I visited the Yongding / tulou area on a day trip ex Xiamen, booked through Old Town hostel. It costed 180Y and I was the only westerner. It should be called ‘driving and shopping’ tour with a little sightseeing. Too little time for this interesting area, I regretted I didn’t stay more. Though, the area seemed not to have so traditional atmosphere anymore, you just see some tulous here or there among the modern houses.
Tunxi was on the way back north and stayed at Old Street hostel (50Y), nice,spacious, if a little noisy. The town itself has an interesting but too touristy old street and that’s all about Tunxi. As a base, I visited the village of Hongcun which was touristy beyond expectation. The village itself was not so beautiful, (but maybe one of the few left in China?), the entrance fee was too steep for what it offered (104Y was a real tourist trap). Maybe people who decide the fees have not seen really beautiful places, so they just sell what they’ve got. And Chinese tourists come and pay in flocks here! Before seeing the village I had thought to look for accommodation, which proved not so easy for a foreigner. I was told that I was not accepted to the relatively cheaper places (like 100Y, which I saw and had very nice rooms) and could be allowed only to more expensive places (250-300Y), a discrimination which I found something between exploitation, inhospitality and insult. Finally I didn’t want to stay.
After all this tourist trap situation, I cancelled my plans for visiting villages around Wuyuan, fearing it will be another modern China capitalism fiasco.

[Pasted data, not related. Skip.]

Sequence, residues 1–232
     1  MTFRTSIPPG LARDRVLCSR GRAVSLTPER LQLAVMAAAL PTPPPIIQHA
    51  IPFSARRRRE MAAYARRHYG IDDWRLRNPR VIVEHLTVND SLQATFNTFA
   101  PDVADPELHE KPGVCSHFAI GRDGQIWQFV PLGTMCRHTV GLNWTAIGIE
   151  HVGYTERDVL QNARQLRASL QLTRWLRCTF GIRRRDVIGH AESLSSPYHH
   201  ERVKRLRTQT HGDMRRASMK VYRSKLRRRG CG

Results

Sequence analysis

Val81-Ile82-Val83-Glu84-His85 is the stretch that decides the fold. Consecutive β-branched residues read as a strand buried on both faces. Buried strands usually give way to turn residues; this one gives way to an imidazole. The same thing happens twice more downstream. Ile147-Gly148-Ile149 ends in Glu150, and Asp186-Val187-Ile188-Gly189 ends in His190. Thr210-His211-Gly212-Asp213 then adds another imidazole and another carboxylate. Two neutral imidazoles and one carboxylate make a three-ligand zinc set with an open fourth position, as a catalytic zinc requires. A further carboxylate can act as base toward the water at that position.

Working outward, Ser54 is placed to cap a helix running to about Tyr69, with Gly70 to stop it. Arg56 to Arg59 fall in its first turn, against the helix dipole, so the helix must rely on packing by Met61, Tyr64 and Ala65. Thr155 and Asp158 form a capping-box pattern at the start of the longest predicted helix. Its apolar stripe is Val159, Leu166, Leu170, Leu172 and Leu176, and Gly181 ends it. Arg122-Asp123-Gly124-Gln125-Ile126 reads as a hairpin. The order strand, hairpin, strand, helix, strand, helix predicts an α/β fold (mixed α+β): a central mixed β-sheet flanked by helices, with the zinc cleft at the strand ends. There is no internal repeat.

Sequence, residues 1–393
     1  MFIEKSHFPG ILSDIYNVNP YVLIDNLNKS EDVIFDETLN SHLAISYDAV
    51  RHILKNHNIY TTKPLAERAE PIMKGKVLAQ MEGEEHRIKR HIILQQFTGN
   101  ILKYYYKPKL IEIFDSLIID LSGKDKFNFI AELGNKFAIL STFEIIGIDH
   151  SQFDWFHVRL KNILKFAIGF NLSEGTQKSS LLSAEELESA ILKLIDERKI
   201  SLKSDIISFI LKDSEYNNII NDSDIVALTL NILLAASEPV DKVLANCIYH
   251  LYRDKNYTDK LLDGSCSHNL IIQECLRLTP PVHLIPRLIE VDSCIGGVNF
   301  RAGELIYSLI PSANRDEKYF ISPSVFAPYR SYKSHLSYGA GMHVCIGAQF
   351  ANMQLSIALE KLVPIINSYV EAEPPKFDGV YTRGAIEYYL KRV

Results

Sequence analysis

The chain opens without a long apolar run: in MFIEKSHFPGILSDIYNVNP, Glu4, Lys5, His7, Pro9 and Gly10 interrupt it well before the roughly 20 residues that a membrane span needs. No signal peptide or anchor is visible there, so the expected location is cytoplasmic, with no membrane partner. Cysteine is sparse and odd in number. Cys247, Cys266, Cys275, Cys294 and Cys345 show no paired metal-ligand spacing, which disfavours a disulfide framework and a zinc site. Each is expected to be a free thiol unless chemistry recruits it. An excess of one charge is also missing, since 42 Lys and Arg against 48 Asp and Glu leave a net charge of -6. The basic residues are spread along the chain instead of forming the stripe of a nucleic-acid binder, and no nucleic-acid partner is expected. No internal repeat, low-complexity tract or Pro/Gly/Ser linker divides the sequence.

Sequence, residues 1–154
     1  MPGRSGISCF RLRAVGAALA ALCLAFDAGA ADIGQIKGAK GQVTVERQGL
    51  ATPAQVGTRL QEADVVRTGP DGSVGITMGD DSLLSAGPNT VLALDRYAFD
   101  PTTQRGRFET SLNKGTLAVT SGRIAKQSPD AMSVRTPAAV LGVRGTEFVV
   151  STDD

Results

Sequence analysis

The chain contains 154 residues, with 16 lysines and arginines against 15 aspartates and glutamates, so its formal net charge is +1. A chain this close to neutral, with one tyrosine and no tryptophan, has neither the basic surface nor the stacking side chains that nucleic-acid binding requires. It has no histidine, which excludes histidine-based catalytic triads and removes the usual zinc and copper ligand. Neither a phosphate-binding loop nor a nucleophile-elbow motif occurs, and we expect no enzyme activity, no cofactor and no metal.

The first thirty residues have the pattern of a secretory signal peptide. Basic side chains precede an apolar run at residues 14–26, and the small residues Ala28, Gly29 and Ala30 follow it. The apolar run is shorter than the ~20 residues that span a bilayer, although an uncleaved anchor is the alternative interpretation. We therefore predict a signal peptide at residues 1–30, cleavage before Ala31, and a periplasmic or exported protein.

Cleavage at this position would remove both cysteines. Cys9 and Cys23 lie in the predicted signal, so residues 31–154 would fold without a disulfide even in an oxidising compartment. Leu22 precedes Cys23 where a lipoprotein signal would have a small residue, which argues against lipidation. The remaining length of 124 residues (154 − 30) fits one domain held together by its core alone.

Beijing’s sights need no presentation from me, just to say about the feel of the city that it was very interesting but: not really a pleasant place. Huge police presence in the center with an impolite attitude (very seriously guarding government rules, not really there for your help), metal detectors around Tiananmen sq and all metro stations, terrible air pollution (2-7 times higher than the safety limit, continually for all the week I was there), big distances, unfriendly for pedestrians -few traffic lights but mostly underground passages, not good especially when carrying your bags, big crowds, traffic jam, least friendly people of all China. Not a place to relax. Hostels: Forbidden city hostel (50Y) has just one dormitory room, not a good choise for that reason. King Joy hostel (50Y) was the best of all I stayed in China and in a great location.
End of trip… already time to come home…
I was travelling solo backpacker independently and I must say that language was a big barrier; it made it impossible to really make the best out of my time. Receptionists’ good English at the hostels were a great help. I want to emphasize that many local people genuinely helped me several times throughout my trip, despite their limited English, a very positive and impressive experience for me!
Hostels were a very convenient solution of staying + information and comparatively cheap (50-60Y) even in big cities.
Trains vary a lot, in terms of quality, velocity, price and cleanliness! With the exception of this last condition of some too dirty ones (because of the sick habits of the passengers mainly!), trains were my favourite mean of transport and a great way to move and also meet locals.
Meals were inexpensive and delicious in simple restaurants (like 15-30Y), where I could see many local people eating, though there was a matter of hygiene sometimes. I saw repeatedly cooks coughing and sneezing on the food they were preparing, (even in a good department store) without making any attempt to turn their head or avoid somehow sending their stuff into the food. I just walked away from those places. Selection of restaurant needs a little concern.
I say again, that all the above are a subjective opinion, trying to give the feel of the place as I perceived it. Of course others may have had very different impressions at the same area. Still, hope this info here, helps somebody…
I wish all the very best of travels to all!